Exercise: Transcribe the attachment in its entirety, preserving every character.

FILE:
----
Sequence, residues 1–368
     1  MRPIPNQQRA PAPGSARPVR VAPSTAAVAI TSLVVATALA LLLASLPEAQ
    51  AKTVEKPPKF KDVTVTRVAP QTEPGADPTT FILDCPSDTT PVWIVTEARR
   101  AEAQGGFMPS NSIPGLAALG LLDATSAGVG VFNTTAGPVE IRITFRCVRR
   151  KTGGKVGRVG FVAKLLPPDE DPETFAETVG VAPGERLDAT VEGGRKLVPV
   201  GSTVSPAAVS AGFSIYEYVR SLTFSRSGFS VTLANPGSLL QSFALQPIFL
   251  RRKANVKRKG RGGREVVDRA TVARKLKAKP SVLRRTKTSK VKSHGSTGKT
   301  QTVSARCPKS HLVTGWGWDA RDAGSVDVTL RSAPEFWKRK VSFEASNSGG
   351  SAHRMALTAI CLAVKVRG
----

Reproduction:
Sequence, residues 1–368
     1  MRPIPNQQRA PAPGSARPVR VAPSTAAVAI TSLVVATALA LLLASLPEAQ
    51  AKTVEKPPKF KDVTVTRVAP QTEPGADPTT FILDCPSDTT PVWIVTEARR
   101  AEAQGGFMPS NSIPGLAALG LLDATSAGVG VFNTTAGPVE IRITFRCVRR
   151  KTGGKVGRVG FVAKLLPPDE DPETFAETVG VAPGERLDAT VEGGRKLVPV
   201  GSTVSPAAVS AGFSIYEYVR SLTFSRSGFS VTLANPGSLL QSFALQPIFL
   251  RRKANVKRKG RGGREVVDRA TVARKLKAKP SVLRRTKTSK VKSHGSTGKT
   301  QTVSARCPKS HLVTGWGWDA RDAGSVDVTL RSAPEFWKRK VSFEASNSGG
   351  SAHRMALTAI CLAVKVRG